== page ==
Air America Fires a Gun!
We covered the Air America Follies last week, but now they have really pooped in their pants. And who knew extreme leftys had guns to shoot? Are they legally registered?
Can You Believe This?
A North Carolina college course:
"One text required in Christensen's 9/11 course holds that the Sept. 11, 2001, terrorist attacks on the United States were orchestrated and carried out by U.S. government elites. The course teaches that the official story about Sept. 11 is the result of "government involvement in the cover-up."
The attacks were used by neo-conservatives in the Bush administration, acting on behalf of pro-Israel Zionists, as "a catalyst for the wars in Afghanistan and Iraq as well as the attack on civil liberties in the United States," according to the course's syllabus." Read entire.
Against the "Ownership Society"
There is an argument against the Bush idea. I do not agree that we need less, not more, ownership, but Kuttner does make the case as well as it can be made for the role of government in everything. Guess you could call it the "Dependency Society":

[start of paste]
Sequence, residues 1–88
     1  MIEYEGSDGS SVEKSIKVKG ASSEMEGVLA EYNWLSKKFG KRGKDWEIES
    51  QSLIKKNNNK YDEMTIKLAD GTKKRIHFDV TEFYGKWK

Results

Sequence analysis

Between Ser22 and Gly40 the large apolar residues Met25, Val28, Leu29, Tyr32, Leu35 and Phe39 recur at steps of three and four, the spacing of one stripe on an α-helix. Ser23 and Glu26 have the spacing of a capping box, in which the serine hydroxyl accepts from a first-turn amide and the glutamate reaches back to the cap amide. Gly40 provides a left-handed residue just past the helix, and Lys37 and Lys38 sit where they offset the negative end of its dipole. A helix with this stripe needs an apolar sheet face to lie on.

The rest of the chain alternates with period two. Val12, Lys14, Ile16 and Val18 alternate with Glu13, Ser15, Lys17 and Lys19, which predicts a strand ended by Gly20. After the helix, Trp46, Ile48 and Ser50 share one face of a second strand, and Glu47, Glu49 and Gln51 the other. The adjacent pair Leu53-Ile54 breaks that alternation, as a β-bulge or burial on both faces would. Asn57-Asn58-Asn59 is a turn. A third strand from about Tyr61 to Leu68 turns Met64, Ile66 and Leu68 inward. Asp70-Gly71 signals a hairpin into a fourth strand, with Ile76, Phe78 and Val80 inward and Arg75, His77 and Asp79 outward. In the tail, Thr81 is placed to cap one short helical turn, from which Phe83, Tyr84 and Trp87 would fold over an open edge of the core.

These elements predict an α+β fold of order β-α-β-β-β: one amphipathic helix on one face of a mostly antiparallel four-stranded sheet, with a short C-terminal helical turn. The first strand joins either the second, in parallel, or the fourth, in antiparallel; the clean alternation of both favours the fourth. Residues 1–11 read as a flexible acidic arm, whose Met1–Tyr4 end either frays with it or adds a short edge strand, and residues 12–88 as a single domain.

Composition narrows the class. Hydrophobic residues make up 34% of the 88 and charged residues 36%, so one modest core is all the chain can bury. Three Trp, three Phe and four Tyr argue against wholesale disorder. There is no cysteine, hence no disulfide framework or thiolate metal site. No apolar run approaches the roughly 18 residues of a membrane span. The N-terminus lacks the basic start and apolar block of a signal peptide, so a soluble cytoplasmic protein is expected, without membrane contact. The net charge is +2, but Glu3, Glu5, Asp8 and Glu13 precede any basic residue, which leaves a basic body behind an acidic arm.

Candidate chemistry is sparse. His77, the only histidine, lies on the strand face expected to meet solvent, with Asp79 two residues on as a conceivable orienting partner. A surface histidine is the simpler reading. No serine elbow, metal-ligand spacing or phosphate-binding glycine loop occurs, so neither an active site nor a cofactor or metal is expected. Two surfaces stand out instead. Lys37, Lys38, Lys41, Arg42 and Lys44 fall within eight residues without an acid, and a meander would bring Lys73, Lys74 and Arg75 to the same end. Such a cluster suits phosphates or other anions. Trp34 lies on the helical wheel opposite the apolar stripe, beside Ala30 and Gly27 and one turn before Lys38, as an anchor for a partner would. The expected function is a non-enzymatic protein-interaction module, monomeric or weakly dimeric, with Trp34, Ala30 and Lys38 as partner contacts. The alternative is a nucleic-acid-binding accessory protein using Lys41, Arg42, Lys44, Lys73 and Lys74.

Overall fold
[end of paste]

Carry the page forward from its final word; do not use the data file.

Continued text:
"...in reality, America’s long tradition as a society of owners has been substantially the result of activist government -- making social investments, taking regulatory initiatives, and shielding individuals from economic risks beyond their personal control. Today’s conservative program for an ownership society, by contrast, transfers hazards back to individuals at a time when people are already bearing increased risks. Bush has done us a favor by putting this idea in play. It invites us to devise a program for a true ownership society, built on broadened social investment. Reclaiming a proud tradition, we could broaden America’s middle class by once again expanding education and homeownership, resuming the march toward secure retirement income and health care, and raising the real incomes on which a middle class depends." Read entire.
Leaves of Grass
150th Anniversary of Leaves of Grass. A good time for a Whitman-fest at the Virginia Quarterly Review. They are a subscription site, but many of the articles are free online.